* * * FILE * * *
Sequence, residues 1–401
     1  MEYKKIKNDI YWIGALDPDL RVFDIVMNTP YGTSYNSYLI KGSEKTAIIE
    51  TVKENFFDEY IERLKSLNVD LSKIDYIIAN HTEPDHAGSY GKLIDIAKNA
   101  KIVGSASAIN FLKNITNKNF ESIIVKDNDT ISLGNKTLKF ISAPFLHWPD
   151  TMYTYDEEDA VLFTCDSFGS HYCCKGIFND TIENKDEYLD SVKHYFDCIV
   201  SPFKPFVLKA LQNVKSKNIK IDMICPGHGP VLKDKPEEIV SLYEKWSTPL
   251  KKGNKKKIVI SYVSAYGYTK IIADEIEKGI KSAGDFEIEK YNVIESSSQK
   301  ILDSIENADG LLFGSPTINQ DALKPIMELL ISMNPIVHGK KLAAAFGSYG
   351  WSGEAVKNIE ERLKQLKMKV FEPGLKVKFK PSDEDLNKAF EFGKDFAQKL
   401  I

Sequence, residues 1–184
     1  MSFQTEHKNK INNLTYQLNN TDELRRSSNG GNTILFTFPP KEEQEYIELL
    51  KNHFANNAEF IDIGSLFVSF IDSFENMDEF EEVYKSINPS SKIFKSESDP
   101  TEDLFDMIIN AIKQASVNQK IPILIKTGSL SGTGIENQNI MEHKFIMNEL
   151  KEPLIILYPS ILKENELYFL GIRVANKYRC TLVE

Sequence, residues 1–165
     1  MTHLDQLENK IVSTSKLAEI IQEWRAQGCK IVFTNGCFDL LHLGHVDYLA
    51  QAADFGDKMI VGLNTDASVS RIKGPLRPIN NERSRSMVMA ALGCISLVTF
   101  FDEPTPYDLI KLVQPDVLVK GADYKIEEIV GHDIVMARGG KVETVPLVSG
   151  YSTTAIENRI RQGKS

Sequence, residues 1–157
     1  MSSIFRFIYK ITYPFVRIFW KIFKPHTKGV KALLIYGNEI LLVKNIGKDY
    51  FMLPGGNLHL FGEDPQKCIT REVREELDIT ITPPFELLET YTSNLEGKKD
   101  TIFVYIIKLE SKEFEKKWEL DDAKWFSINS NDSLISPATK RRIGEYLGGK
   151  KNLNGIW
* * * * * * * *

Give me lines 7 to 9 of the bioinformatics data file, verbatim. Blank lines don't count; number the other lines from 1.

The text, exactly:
   251  KKGNKKKIVI SYVSAYGYTK IIADEIEKGI KSAGDFEIEK YNVIESSSQK
   301  ILDSIENADG LLFGSPTINQ DALKPIMELL ISMNPIVHGK KLAAAFGSYG
   351  WSGEAVKNIE ERLKQLKMKV FEPGLKVKFK PSDEDLNKAF EFGKDFAQKL